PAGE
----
A new approach to communication service provider innovation : The tenacity of silos
It’s a fact that many CSPs are still struggling to define and deliver their digital strategy. As a result of this, many are struggling to stay afloat and revenues are falling, with average revenue per user in the industry continuing to decline year-on-year. In 2006, it was $32 (€25.82) per user in Western Europe; in 2016 it was just $15 (€12.10) (-6% compounded). This downward trend is symptomatic of the predominance of traditional silo-based organisational models within the industry, which in turn hinder the possibility of innovation, says Gabriele Di Piazza, VP Products & Solutions, Telco NFV, VMware.
One step in any strategy to reverse this downward trend is for CTOs and CEOs to start thinking about the inter-dependency between the business strategy. They also need to refresh their approach to innovation, bringing about a complete overhaul of their current strategy.
Unfortunately, this will not happen until CSPs recognise the need to let go of their long-established silos. Many are not only failing to develop a coherent digital strategy, but also struggling to address the crux of their struggle – namely the enduring strength of many long-established silos.
Organisations that still function with silos face difficulty creating and maintaining a clear innovation strategy because digital transformation initiatives are largely still set and measured as standalone projects with no clear vision from senior leadership. According to a 2016 survey, 89% of respondents agreed that a Chief Digital Officer was important to lead and drive their digital transformation, but only 28% said they had one in place.
CSPs must concentrate on improving this statistic. CDOs can be instrumental in working with the CTO to drive the digital transformation agenda throughout the business, collaborating to not only encourage technological innovation, but align the business to a customer-centric strategy.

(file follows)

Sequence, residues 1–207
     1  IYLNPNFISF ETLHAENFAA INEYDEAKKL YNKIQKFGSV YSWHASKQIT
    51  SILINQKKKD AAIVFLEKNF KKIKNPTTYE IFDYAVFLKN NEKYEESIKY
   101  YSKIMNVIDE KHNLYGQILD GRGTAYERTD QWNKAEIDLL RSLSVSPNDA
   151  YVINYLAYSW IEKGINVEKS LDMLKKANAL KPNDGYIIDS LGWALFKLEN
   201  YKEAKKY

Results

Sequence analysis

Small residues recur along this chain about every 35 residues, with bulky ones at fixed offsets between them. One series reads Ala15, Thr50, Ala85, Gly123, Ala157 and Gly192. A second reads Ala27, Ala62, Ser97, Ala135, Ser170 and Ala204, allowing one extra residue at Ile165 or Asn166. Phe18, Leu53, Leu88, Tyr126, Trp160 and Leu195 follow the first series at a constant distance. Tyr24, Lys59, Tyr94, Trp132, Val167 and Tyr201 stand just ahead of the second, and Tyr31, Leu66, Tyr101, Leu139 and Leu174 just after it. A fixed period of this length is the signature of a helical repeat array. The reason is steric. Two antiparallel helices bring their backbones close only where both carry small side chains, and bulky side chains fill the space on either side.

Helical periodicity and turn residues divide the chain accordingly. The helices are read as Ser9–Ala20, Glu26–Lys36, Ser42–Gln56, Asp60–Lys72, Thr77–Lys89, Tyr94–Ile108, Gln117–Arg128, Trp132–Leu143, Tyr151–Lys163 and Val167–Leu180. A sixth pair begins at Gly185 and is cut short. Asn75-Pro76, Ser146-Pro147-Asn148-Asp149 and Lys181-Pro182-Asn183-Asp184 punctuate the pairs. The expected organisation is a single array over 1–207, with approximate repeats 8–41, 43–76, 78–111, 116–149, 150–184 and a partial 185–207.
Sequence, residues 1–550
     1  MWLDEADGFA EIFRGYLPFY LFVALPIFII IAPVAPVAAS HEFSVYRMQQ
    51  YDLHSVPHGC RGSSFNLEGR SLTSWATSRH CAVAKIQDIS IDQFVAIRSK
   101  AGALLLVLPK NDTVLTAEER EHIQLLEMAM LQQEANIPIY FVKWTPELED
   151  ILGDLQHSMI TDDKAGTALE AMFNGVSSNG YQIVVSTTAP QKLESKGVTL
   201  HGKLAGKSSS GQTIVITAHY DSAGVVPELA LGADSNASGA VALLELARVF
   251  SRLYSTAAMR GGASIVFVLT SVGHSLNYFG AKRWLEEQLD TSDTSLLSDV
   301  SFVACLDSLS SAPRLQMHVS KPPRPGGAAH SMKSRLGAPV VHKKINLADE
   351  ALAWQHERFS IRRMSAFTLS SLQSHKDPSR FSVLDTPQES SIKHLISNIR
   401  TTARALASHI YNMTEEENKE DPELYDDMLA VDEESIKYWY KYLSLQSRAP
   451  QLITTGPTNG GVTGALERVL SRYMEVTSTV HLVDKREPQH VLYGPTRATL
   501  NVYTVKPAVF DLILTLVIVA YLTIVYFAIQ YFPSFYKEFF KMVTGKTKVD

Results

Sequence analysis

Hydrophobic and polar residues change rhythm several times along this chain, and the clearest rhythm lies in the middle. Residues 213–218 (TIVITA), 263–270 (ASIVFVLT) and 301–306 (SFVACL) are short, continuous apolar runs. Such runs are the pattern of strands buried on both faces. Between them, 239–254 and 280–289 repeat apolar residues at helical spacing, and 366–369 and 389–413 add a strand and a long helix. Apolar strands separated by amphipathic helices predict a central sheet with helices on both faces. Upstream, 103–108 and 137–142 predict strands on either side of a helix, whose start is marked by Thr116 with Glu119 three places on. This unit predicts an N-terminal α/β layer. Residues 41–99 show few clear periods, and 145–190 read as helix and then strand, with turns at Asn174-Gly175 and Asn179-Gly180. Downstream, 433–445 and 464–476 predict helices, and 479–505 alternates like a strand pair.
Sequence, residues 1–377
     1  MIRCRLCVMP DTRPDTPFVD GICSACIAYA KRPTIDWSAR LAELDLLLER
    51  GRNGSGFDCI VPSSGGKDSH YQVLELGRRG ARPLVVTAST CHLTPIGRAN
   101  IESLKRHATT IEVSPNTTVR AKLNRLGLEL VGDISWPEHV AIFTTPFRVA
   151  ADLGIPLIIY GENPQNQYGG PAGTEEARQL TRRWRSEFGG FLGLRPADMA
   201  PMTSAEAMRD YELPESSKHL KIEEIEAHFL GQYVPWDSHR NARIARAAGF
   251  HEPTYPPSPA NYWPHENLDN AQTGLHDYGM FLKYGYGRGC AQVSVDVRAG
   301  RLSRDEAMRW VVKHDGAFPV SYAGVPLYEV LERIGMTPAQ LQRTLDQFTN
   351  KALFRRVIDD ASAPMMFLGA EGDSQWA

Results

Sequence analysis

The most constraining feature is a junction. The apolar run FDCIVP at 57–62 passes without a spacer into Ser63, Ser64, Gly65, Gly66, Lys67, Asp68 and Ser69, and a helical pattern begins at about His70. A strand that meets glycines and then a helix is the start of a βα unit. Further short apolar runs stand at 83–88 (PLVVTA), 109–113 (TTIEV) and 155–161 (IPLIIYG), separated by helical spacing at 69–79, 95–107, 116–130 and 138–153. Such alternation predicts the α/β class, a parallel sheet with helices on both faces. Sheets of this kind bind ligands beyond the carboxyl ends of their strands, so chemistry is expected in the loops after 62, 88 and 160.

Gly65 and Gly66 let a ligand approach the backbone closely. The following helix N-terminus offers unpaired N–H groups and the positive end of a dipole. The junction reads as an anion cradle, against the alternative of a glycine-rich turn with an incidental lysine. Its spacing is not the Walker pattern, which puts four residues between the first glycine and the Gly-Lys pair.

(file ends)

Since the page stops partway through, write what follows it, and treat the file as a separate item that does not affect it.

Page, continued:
To move forward, businesses need to break the hold silos have on them, to move away from silos of technology, people, and processes towards dynamic, agile and flexible operations. Creating a more agile organisation will help Telcos have a global vision of where their innovation strategy is going and how it is affecting the business as a whole, not just parts of it. It will enable better communication within the organisation, ultimately bringing about more transparency and more effective management from senior leadership.
For those that still need convincing, I’d like to cite the example of ‘Asynchronous transfer mode’ (ATM) and suggest that its development was perhaps indicative of “old thinking”. ATM was touted as a high speed, efficient solution for connectivity but was rapidly overtaken in most applications. Mobile network RAN backhaul – along with most operator infrastructure – has moved to a packet switch ‘ethernet’ transport. This was one R&D step forward that should instead have been a leap somewhere else.
Moving away from long-established silos will not be an easy process for CSPs, but one that is necessary if they want to reverse falling revenues and be at the forefront of implementing innovative technologies.
The author of this blog is Gabriele Di Piazza, VP Products & Solutions, Telco NFV, VMware